Jun 122014
 
Article Apache

In the first place, a distinction needs to be made between forward proxies and reverse proxies.

Forward proxies and reverse proxies

A forward proxy is used to give internet access to computers connected to a intranet, without direct internet access.

On the contrary, a reverse proxy (or gateway) is used to give to computers connected to internet, access to servers connected to a intranet, without direct internet access.

The figure below tries to represent the difference between both types of proxies:

 

forward-reverse-proxies

A forward proxy receives from clients (browsers) connected to the intranet requests for internet pages. The forward proxy is not transparent, because the clients need to be explicitly configured to send their requests through the proxy.

On receiving a request from a client, the forward proxy sends the request to the destination server, retrieves the response and delivers it to the client that made the request.

On the other hand, a reverse proxy is used to give access to servers that are not directly reachable by means of an internet address. The reverse proxy impersonates the destination server by associating, in DNS, the internet hostname of the destination server with its own IP address. On receiving requests from clients, the reverse proxy sends them to the destination server, retrieves the response and delivers it to the client that made the request. But additionally, the reverse proxy may need to modify the URLs that appear in the HTML code retrieved, or in the HTTP header.

Configuring the proxy

For the proxy service to work as expected, we must make sure that the required modules are available and have been enabled:

  • mod_proxy
  • mod_proxy_http
  • mod_proxy_connect (required for SSL connections, i.e., request for URLs using secure http:  https://… )
  • mod_proxy_ftp (for FTP connections)

Forward Proxy

The basic configuration of a forward proxy is done by adding the following directives to the configuration file of the apache web server:

“ProxyRequest On” allows the reception of proxied requests.

The rest of the directives in the sample configuration are used to restrict access to the proxy. It is strongly advisable to setup this kind of restriction, or alternatively restrict access to the server by requesting a validation with username/password. Otherwise the server becomes an “Open Proxy”, that can (and will) be used by any computer connected to internet.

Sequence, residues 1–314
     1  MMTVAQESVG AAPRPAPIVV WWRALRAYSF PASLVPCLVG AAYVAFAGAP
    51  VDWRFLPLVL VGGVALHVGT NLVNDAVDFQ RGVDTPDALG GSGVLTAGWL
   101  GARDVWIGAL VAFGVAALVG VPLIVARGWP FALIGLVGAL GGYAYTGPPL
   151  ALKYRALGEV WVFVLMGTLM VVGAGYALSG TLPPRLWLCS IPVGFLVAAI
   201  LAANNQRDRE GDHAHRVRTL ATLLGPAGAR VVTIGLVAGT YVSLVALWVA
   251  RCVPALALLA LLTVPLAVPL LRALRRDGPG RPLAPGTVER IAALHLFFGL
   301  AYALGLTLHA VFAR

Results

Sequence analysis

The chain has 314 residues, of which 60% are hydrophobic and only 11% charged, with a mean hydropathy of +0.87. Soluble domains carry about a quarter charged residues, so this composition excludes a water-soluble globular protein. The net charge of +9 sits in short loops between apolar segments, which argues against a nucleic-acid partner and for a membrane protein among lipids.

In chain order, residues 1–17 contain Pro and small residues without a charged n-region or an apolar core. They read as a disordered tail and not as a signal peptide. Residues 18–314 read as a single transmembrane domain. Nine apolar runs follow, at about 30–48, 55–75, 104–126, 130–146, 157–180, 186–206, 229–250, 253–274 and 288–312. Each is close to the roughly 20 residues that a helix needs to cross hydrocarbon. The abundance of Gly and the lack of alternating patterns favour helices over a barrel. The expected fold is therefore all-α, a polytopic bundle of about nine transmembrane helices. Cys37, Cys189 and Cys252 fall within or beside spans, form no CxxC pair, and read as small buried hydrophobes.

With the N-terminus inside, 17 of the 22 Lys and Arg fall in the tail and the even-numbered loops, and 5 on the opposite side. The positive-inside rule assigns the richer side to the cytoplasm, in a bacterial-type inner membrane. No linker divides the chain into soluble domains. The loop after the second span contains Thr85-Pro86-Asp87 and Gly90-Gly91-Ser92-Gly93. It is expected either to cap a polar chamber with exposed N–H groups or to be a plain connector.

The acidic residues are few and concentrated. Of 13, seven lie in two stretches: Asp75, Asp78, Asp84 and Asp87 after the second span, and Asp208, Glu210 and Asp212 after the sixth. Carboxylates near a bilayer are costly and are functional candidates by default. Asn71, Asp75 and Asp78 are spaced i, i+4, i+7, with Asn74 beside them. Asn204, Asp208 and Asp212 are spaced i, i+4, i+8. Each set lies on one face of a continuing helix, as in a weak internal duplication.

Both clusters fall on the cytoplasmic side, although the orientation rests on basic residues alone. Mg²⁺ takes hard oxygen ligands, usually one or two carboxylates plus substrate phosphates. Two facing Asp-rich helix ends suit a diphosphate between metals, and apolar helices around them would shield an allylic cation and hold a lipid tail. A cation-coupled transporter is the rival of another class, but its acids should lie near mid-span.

Using non-default ports

The configuration example above uses the default HTTP port 80. We can specify a different port for the proxy service by enclosing the proxy configuration inside a VirtualHost (and adding a “Listen” directive to tell apache to listen for incoming requests on that port). For instance, the following configuration could be used to make the proxy service available on port 50099:

Reverse Proxy

The basic configuration of a reverse proxy is made adding the following directives to the apache configuration file:

The ProxyPass directive specifies the changes that the proxy should perform on incoming requests. In the example, requests starting with “/foo” will be sent to the destination server “internal.example.com”, replacing “/foo” with “/bar”.

In the same way, the ProxyPassReverse specifies the changes that the proxy should perform in the HTTP response header received from the internal server, before forwarding it to the client. Specifically, the proxy server edits the headers “Location”, “Content-Location” and “URI”. In the example configuration above, appearances of “/bar” in these headers will be replaced with “/foo”.

 Posted by at 6:41 pm

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